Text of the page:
What You Need to Know
- Amid a volatile environment marked by expensive equity valuations, higher interest rates, tight credit spread, and geopolitical concerns, alternatives may help portfolio performance.
- Private equity is one option as companies often experience their best growth periods before they go public.
- Other tools to consider are private credit, hedge funds, real estate and structured products.
Strong equity market performance over the past decade made it easy for investors to remain locked into their traditional 60-40 portfolios, which delivered over 11% annually between 2011 and 2021.
Today, however, amid a volatile environment marked by expensive equity valuations, higher interest rates, tight credit spreads, and geopolitical concerns, investors allocated exclusively to traditional assets may be facing a bleak scenario: a potential breakdown in the negative correlation between stocks and bonds that would call into question the validity of the classic 60-40 portfolio.
Whether the stock/bond relationship has cyclically shifted or structurally changed remains to be seen. In the meantime, advisors are increasingly looking outside of traditional assets to find diversification and growth opportunities for clients.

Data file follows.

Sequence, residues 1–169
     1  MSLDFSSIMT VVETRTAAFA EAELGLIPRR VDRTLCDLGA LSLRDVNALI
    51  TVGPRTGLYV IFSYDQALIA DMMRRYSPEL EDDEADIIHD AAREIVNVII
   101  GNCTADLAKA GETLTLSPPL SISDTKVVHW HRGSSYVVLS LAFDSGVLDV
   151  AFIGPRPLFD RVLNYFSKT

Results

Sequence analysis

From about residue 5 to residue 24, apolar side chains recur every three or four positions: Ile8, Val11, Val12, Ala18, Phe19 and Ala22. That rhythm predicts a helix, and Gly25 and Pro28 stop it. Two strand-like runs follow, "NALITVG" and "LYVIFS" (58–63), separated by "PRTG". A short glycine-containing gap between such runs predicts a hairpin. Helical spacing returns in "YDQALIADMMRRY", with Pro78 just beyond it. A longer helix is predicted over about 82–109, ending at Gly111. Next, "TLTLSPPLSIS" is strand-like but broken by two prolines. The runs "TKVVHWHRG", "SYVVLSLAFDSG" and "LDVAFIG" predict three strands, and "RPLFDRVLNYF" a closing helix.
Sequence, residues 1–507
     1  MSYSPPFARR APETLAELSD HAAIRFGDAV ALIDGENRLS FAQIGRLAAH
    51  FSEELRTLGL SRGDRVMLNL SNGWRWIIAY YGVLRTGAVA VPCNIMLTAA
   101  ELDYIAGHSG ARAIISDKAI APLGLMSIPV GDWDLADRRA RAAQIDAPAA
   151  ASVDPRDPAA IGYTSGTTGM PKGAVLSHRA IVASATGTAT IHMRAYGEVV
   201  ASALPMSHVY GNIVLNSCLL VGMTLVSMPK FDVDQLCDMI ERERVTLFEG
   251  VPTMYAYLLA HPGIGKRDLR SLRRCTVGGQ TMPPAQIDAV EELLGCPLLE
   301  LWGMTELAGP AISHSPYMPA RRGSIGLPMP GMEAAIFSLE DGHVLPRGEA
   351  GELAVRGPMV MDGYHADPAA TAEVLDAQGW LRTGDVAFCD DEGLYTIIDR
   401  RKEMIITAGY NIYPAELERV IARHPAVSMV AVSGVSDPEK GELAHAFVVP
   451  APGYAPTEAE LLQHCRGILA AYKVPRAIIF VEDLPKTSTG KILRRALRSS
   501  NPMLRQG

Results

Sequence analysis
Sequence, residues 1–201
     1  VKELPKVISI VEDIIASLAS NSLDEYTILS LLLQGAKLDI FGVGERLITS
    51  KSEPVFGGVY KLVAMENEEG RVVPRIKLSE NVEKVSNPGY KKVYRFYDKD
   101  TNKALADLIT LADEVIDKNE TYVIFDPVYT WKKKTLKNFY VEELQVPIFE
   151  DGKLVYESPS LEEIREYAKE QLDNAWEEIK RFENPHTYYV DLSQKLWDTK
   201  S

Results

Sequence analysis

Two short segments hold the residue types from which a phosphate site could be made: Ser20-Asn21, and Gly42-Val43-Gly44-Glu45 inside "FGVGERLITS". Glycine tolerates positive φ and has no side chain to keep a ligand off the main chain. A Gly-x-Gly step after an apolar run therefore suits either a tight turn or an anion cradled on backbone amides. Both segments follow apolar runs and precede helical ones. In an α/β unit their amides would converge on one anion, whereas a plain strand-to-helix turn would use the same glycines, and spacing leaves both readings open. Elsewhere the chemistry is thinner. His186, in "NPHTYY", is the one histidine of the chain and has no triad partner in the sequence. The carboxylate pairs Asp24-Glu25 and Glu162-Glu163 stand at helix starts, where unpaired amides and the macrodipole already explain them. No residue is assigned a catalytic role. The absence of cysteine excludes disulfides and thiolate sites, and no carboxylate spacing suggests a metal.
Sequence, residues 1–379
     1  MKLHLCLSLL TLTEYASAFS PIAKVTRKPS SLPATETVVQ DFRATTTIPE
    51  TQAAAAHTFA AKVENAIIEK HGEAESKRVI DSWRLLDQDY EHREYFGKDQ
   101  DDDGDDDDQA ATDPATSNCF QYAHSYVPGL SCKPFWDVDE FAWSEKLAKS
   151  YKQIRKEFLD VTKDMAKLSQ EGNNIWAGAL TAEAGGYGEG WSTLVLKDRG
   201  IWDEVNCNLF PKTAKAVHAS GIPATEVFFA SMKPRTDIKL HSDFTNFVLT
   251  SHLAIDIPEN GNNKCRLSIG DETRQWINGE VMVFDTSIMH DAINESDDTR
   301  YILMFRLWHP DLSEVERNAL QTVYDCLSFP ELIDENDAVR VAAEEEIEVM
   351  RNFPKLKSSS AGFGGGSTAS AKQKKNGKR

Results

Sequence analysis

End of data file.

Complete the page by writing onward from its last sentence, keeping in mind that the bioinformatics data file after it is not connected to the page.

Increasing Private Equity Allocations
Advisors working with high-net-worth investors are well versed in the potential growth and diversification benefits of allocating to private market strategies like private equity.
A long-term shift in market dynamics means there are fewer listed companies today versus 25 years ago, while surging private equity fundraising and deal activity has enabled private companies to remain private longer than in the past.
As a result, companies often experience their best growth periods before they go public, with the benefits of that growth accruing to private rather than public market investors.
Against this backdrop, high-net-worth investors are increasing their private market allocations, which are expected to top $1.5 trillion by 2025. The growing availability of private market strategies through fund structures designed for use by individual investors is helping to support this trend.
In fact, ’40 Act registered funds, such as interval and tender offer funds, enable accredited investors with $1 million or more in assets or $200,000 in annual income ($300,000 with a spouse) to access private market strategies with investment minimums as low as $25,000.
In general, these investor-friendly structures do not utilize capital calls, issue 1099s instead of K-1s (substantially simplifying tax reporting) and often offer regular liquidity opportunities.